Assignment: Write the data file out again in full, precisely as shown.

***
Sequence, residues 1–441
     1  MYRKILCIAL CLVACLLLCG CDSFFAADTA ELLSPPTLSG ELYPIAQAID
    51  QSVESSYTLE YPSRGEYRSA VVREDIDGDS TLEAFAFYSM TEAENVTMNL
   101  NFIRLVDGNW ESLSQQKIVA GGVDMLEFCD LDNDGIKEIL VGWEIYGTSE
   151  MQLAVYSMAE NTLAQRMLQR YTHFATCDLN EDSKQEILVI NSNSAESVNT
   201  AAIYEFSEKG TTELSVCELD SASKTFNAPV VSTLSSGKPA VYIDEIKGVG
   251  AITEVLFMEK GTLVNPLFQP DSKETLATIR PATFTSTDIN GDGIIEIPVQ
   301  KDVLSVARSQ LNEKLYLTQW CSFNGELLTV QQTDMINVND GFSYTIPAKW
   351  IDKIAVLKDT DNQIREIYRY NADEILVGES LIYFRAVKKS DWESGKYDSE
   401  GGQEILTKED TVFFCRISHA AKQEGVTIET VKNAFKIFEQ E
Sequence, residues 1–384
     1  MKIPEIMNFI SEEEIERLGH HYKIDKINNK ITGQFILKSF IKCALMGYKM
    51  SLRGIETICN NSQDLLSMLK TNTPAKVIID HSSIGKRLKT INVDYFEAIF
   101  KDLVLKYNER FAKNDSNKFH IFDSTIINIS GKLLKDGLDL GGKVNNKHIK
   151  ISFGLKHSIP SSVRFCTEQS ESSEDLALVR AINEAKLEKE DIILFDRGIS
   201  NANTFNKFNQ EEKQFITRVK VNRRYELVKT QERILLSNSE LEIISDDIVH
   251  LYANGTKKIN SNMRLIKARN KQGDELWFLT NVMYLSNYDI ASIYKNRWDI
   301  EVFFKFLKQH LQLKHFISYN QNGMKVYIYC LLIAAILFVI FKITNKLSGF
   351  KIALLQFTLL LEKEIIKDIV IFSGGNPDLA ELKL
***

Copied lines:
Sequence, residues 1–441
     1  MYRKILCIAL CLVACLLLCG CDSFFAADTA ELLSPPTLSG ELYPIAQAID
    51  QSVESSYTLE YPSRGEYRSA VVREDIDGDS TLEAFAFYSM TEAENVTMNL
   101  NFIRLVDGNW ESLSQQKIVA GGVDMLEFCD LDNDGIKEIL VGWEIYGTSE
   151  MQLAVYSMAE NTLAQRMLQR YTHFATCDLN EDSKQEILVI NSNSAESVNT
   201  AAIYEFSEKG TTELSVCELD SASKTFNAPV VSTLSSGKPA VYIDEIKGVG
   251  AITEVLFMEK GTLVNPLFQP DSKETLATIR PATFTSTDIN GDGIIEIPVQ
   301  KDVLSVARSQ LNEKLYLTQW CSFNGELLTV QQTDMINVND GFSYTIPAKW
   351  IDKIAVLKDT DNQIREIYRY NADEILVGES LIYFRAVKKS DWESGKYDSE
   401  GGQEILTKED TVFFCRISHA AKQEGVTIET VKNAFKIFEQ E
Sequence, residues 1–384
     1  MKIPEIMNFI SEEEIERLGH HYKIDKINNK ITGQFILKSF IKCALMGYKM
    51  SLRGIETICN NSQDLLSMLK TNTPAKVIID HSSIGKRLKT INVDYFEAIF
   101  KDLVLKYNER FAKNDSNKFH IFDSTIINIS GKLLKDGLDL GGKVNNKHIK
   151  ISFGLKHSIP SSVRFCTEQS ESSEDLALVR AINEAKLEKE DIILFDRGIS
   201  NANTFNKFNQ EEKQFITRVK VNRRYELVKT QERILLSNSE LEIISDDIVH
   251  LYANGTKKIN SNMRLIKARN KQGDELWFLT NVMYLSNYDI ASIYKNRWDI
   301  EVFFKFLKQH LQLKHFISYN QNGMKVYIYC LLIAAILFVI FKITNKLSGF
   351  KIALLQFTLL LEKEIIKDIV IFSGGNPDLA ELKL